Understand the argument, once the federal government creates a program that gives states money, the states now have a constitutional right to that money in perpetuity.

States' rights on steroids. It is a remarkable decision. And not in a good way.

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Comment Preferences

  •  Don't expect logical consistency from this court (13+ / 0-)

    In no way do they intend to establish perpetual entitlements. This argument is political hogwash to spite Democrats.

    look for my eSci diary series Thursday evening.

    by FishOutofWater on Thu Jun 28, 2012 at 03:49:50 PM PDT

  •  I'm a bit curious about that, too. (1+ / 0-)
    Recommended by:
    Mistral Wind

    If states that don't agree to expand Medicaid still receive federal Medicaid dollars, are they not still required to spend those dollars on Medicaid?

    I'm informed on the matter, except that usually federal dollars have to be spent by states for their intended purposes. You can't just take highway funds and spend them on closing a budget shortfall.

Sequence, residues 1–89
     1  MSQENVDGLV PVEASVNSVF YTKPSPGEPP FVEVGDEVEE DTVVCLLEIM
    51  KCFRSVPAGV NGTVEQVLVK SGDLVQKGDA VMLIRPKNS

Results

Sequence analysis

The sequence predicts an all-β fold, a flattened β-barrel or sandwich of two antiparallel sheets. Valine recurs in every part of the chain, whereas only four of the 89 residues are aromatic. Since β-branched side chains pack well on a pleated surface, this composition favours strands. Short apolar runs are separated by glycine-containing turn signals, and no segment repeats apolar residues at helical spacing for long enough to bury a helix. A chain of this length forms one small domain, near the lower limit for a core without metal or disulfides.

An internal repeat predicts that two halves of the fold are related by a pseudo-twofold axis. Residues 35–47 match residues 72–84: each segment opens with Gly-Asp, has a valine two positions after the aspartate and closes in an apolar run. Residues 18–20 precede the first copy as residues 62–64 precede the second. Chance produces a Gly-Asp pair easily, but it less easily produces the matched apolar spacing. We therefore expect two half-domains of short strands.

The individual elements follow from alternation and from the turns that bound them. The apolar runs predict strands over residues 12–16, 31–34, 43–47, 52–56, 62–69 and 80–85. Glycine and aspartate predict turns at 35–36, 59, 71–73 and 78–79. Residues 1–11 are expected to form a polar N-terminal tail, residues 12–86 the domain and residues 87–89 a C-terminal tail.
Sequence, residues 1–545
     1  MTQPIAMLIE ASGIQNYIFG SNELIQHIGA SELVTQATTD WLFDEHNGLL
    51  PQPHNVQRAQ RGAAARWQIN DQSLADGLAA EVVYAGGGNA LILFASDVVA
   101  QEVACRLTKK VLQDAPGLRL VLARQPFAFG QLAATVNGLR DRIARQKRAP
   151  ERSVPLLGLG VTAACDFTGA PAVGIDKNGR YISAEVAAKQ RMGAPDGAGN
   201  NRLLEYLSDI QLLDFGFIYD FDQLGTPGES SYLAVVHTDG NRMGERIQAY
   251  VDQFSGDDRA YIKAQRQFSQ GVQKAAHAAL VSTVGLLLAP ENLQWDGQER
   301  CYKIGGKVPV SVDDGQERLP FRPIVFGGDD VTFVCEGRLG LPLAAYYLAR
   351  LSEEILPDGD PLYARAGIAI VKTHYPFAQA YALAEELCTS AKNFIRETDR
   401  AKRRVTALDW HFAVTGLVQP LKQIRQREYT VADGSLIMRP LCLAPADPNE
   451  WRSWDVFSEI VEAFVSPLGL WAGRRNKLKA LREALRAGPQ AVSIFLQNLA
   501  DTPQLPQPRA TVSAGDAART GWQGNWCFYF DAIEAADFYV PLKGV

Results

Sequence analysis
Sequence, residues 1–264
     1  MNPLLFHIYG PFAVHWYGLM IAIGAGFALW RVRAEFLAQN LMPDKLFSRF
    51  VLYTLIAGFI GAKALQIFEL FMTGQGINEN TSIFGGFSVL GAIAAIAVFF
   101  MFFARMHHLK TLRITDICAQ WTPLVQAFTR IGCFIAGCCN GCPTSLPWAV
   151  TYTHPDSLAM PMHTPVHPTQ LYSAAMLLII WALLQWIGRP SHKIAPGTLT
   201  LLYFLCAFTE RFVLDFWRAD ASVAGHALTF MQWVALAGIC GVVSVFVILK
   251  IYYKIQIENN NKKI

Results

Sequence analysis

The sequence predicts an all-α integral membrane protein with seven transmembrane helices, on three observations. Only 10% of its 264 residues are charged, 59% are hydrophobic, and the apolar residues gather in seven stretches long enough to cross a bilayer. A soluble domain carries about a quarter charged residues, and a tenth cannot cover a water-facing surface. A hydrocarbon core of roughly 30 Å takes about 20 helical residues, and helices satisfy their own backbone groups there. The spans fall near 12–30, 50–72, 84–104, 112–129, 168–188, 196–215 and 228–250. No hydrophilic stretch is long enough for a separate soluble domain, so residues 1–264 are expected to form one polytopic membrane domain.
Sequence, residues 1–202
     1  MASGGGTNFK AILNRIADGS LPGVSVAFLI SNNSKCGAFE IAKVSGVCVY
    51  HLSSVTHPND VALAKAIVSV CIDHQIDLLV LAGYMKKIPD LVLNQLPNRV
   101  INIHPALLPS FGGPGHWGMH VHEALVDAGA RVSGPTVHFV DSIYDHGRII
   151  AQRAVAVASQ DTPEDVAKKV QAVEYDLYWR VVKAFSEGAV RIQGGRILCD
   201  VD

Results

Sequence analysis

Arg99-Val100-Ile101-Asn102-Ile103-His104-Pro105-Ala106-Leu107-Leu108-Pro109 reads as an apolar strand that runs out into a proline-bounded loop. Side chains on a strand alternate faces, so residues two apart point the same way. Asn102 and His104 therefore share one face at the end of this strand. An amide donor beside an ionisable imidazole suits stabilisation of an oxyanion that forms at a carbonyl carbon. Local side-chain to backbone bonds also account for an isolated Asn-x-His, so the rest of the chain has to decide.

So what happens? Will states take federal Medicaid funds and then leave them unspent?

    •  In Wi walker took chunk of fed funds meant for (1+ / 0-)
      Recommended by:

      mortgage assistance and put it towards the deficit he created.

      I fear his DHS 'appointee' dennis smith (heritage foundation puke) was put in place to "dismantle Medicaid/Medicare not implement it" will give him 'advice' on this.

      These toadying arrogant greedy scumbags assholes are chomping at the bit for the first opportunity to do just that.

    •  Essentially (0+ / 0-)

      The Federal Government lost a lot of teeth in enforcing a Medicare expansion.